Your non-MEng needing to be a CEO is similarly wrong (but in the opposite direction).

But I think you know this really!

Best Regards,

-------------------------
David Parr BSc.CEng MIET
PRA
 25 January 2010 02:22 PM
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roybowdler

Posts: 276
Joined: 25 July 2008

I'm sorry to hear of what appears to have been an unhelpful response from the IET in the past. I have asked Richard to contact me privately for advice

-------------------------
Roy Bowdler IEng FIET FCIPD
IET Registration & Standards
 01 May 2010 02:32 PM
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wilsodel

Posts: 2
Joined: 25 July 2008

Hi
I've not been on these forums before but recently I went to a Proffessional Registration Advisor for advice on submitting for EngTech registration.
He advised me on a few things - like "bragging a bit more" about my skills set - not hiding it.
Also, he advised going for IEng eventually - even though I don't have degrees etc.

In the Engineering Council UK standard for engineering competence outline it doesn't say anything about needing degrees etc for IEng.

I know it can be a bit confusing - especially if you are with another organisation registered with the EC.

Daryl Wilson TMIET
 04 May 2010 04:13 PM
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roybowdler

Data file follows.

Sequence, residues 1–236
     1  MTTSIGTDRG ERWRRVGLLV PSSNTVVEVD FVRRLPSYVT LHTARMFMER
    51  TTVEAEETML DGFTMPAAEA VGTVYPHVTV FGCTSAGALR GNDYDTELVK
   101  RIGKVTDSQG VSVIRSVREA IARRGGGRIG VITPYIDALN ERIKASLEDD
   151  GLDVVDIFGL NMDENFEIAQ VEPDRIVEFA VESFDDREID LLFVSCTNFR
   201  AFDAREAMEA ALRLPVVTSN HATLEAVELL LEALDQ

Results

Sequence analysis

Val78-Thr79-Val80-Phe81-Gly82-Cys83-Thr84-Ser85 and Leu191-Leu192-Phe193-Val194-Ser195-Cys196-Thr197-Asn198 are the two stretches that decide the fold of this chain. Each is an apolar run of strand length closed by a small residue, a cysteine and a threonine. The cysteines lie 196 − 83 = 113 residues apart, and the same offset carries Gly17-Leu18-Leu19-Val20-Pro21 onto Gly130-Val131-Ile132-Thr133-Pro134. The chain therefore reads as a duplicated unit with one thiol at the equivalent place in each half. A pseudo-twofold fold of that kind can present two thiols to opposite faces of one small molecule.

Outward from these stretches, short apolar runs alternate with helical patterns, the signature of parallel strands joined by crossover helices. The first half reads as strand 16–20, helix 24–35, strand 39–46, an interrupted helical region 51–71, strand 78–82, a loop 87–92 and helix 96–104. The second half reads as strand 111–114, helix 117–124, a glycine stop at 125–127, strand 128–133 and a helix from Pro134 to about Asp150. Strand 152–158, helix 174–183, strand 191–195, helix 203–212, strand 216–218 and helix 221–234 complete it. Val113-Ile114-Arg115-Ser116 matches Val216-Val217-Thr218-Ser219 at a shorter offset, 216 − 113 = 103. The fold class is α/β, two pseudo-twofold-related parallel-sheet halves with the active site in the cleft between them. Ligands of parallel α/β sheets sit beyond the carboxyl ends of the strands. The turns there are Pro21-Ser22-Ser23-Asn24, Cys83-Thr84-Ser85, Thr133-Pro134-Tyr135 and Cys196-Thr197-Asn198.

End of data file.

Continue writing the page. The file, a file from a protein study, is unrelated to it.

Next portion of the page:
Posts: 276
Joined: 25 July 2008



In the Engineering Council UK standard for engineering competence outline it doesn't say anything about needing degrees etc for IEng.



UK-SPEC describes exemplifying qualifications for each type of registration. For IEng the first exemplar is a Bachelors Degree with a variety of other options given. It is quite possible to obtain IEng without a degree but you must demonstrate that the same level of knowledge is being applied to your work. It is reasonable for technical work experience to provide evidence of "further learning" in many cases.
In particular experienced Engineers with HNCs obtained some time ago are usually in a strong position.

For anyone looking to progress from Eng Tech to IEng without a formal qualification at IEng level, capturing and recording learning experiences at work is important. Demonstrating IEng level technical decision making is essential before applying.

-------------------------
Roy Bowdler IEng FIET FCIPD
IET Registration & Standards